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Baseball – sacrifice bunt for the good of the team

Elvis Elvis

The sacrifice bunt is the most commonly used form of bunting. In the majority of cases, the sacrifice is used to advance a runner from first base to second base with less than two outs, giving the runner the potential to score on a base hit to the outfield. The sacrifice comes in the form of the bunter often being thrown out at first base as a direct result of moving the runner over.

Situations for the sacrifice bunt.

There are several instances when it’s a good time to utilize the sacrifice bunt. When attempting a sacrifice with runners on first or on first and second, the bunt minimizes the likelihood of the hitter grounding into a double play ball, as the runners are off on contact. With the runners running, and if you’ve put down a good bunt, chances are the fielders will take the one out at first base, allowing the runners the next base because of the degree of difficulty in throwing them out.

When sacrificing runners on first and second to second and third, the reason typically is because the team on offense needs more than one run. By sacrificing both runners over into scoring position, a base hit to the outfield would likely score both … achieving the team’s goals.

When using the sacrifice bunt to advance a sole runner from second to third, it is most often done so with zero or one out. This sets the next hitter up for a potential sacrifice fly. The sacrifice bunt with a runner on second and less than two outs also sets up the potential for the runner to score on a passed ball, a hit to the outfield, or possibly on a ground ball to the infield.

Baseball   sacrifice bunt for the good of the team

When to use what type of bunt stance?

If the defense suspects a sacrifice bunt has been called by the offense, the corner infielders are likely to play closer to home plate in order to make a play. If this is the case, you must be sure to lay the bunt down precisely where you want it. This means that the more time you have to prepare the better. This is where the square-around stance should be used to give you increased control over the bunt, helping to ensure that you get the bunt down.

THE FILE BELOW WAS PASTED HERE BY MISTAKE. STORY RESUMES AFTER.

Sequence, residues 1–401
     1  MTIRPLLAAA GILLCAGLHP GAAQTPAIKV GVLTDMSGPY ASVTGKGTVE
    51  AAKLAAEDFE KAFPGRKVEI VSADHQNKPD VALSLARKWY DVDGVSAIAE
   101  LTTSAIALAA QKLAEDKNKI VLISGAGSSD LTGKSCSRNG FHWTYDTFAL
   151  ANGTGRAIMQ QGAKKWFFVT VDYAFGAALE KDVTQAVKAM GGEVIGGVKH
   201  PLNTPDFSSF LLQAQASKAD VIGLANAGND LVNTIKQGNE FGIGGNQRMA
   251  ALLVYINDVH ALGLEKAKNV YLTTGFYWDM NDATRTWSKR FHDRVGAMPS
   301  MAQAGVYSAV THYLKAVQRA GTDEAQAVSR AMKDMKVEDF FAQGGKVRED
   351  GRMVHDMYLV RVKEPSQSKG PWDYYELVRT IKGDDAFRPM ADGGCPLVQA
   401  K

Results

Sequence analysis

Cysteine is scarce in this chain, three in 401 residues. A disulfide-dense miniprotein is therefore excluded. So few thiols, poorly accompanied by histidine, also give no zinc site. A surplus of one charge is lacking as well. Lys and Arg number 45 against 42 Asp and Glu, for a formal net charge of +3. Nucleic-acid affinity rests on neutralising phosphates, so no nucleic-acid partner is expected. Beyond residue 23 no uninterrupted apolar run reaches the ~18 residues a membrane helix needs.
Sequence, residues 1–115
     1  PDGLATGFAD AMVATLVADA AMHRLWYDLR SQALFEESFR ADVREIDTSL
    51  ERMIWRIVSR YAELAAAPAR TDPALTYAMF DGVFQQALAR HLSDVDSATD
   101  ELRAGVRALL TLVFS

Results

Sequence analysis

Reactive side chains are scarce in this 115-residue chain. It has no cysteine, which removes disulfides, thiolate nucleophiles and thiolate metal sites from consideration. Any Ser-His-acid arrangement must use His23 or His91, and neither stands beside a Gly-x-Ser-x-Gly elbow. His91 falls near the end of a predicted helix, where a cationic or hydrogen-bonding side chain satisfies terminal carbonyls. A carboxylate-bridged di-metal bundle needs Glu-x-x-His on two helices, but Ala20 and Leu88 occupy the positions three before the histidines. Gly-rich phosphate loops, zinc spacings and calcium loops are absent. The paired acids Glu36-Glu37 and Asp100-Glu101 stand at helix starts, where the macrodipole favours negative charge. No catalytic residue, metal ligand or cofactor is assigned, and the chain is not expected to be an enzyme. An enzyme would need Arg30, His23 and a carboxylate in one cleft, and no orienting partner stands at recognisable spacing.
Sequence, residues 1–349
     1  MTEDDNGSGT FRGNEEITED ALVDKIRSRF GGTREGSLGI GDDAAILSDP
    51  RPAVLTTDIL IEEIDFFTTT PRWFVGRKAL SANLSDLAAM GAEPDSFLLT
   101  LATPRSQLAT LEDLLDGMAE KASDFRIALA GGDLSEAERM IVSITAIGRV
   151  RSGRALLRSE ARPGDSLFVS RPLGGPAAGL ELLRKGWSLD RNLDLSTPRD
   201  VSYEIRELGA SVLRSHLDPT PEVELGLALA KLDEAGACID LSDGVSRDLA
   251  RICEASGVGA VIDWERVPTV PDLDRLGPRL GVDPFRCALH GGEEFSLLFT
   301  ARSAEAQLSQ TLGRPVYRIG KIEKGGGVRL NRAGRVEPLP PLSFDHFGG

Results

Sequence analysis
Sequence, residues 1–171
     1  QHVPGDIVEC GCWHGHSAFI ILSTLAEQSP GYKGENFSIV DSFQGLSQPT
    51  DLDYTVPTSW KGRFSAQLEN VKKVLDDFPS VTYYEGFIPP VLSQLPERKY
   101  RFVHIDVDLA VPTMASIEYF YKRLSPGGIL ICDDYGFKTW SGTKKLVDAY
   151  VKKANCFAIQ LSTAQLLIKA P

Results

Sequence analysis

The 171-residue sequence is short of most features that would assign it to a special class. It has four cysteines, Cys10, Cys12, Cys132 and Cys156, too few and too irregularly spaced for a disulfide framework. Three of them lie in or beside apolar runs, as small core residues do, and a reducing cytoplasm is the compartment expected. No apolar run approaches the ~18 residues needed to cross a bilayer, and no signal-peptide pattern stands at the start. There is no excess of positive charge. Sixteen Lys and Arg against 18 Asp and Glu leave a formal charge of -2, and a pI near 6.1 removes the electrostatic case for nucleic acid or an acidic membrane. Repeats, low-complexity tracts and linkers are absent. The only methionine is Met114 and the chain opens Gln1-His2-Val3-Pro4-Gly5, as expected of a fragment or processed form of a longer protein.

If the defense is not expecting a sacrifice, you may want to utilize the pivot stance. By using this stance to surprise the defense, you might not only advance the runner(s), but you might also make it safely to first base and be credited with a base hit.

When to use what type of bunt stance?

Keep in mind that your main objective when being called upon to implement the sacrifice bunt is to get the baseball down on the ground to advance the runners. It’s not about you trying to bunt for a base hit. Therefore, try to keep your bunt attempt simple and straightforward in order to avoid mistakes and achieve the team’s goal.

Move the runner, record an out, but not get personally penalized.

If you’re able to successfully implement the sacrifice, not only does your team benefit from your unselfish act, but fortunately for you your batting average is not going to be penalized. Your at bat is considered a “sacrifice”, meaning that you are credited with moving the runners over. But, you’re not given an extra at-bat for having done so – leaving your batting average where it was when you first walked up to the batter’s box.

As long as the bunt is angled somewhat down the lines and not straight back to the pitcher, and a reasonable amount of push is behind the contact, you should have no trouble achieving your goal of advancing the runners to the next base.